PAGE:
Congress of Berlin  

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Train wreck at Montparnasse (October 22, 1895) by Studio Lévy and Sons.
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Train wreck at Montparnasse (October 22, 1895) by Studio Lévy and Sons.

The Congress of Berlin (13 June - 13 July 1878) was a meeting of the European Great Powers' and the Ottoman Empire's leading statesmen in Berlin in 1878. In the wake of the Russo-Turkish War of 1877–78, the meeting's aim was to reorganize the countries of the Balkans. Otto von Bismarck, who led the Congress, undertook to balance the distinct interests of the United Kingdom, Russia and Austria-Hungary. As a consequence, however, differences between Russia and Austria-Hungary intensified, as did the nationality question in the Balkans. The congress was aimed at the revision of the Treaty of San Stefano and at keeping Constantinople in Ottoman hands. It effectively disavowed Russia's victory over the decaying Ottoman Empire in the Russo-Turkish War. The Congress of Berlin returned to the Ottoman Empire territories that the previous treaty had given to the Principality of Bulgaria, most notably Macedonia. The congress formally recognized the independence of the de facto sovereign states of Montenegro, Serbia and Romania, as the 27th-29th free states of the world.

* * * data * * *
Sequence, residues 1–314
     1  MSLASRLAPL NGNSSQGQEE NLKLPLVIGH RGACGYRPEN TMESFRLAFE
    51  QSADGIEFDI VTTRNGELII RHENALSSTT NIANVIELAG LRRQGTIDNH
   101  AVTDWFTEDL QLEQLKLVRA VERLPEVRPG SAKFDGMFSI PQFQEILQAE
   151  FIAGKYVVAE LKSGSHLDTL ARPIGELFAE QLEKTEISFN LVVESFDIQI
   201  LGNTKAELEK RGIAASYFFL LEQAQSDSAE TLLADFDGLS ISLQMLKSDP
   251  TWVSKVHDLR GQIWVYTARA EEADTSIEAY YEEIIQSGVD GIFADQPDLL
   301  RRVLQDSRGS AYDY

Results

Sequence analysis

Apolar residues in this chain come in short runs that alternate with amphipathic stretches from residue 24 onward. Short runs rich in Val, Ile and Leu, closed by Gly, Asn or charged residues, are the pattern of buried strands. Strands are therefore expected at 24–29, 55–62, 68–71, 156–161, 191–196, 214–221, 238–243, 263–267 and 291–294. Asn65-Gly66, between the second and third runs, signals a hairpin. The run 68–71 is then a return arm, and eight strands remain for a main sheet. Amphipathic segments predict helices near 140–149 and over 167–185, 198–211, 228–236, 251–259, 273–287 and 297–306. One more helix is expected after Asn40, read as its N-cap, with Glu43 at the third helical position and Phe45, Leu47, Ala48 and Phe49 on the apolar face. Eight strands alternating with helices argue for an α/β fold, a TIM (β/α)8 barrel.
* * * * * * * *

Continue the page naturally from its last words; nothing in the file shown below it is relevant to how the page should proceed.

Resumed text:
Delegates

United Kingdom

Russian Empire

German Empire

Austria-Hungary

French Third Republic

Kingdom of Italy

Ottoman Empire

Romania

Greece

Serbia

Montenegro also sent delegates.




Unless indicated otherwise, the text in this article is either based on Wikipedia article "Congress of Berlin" or another language Wikipedia page thereof used under the terms of the GNU Free Documentation License; or on original research by Jahsonic and friends. See Art and Popular Culture's copyright notice.

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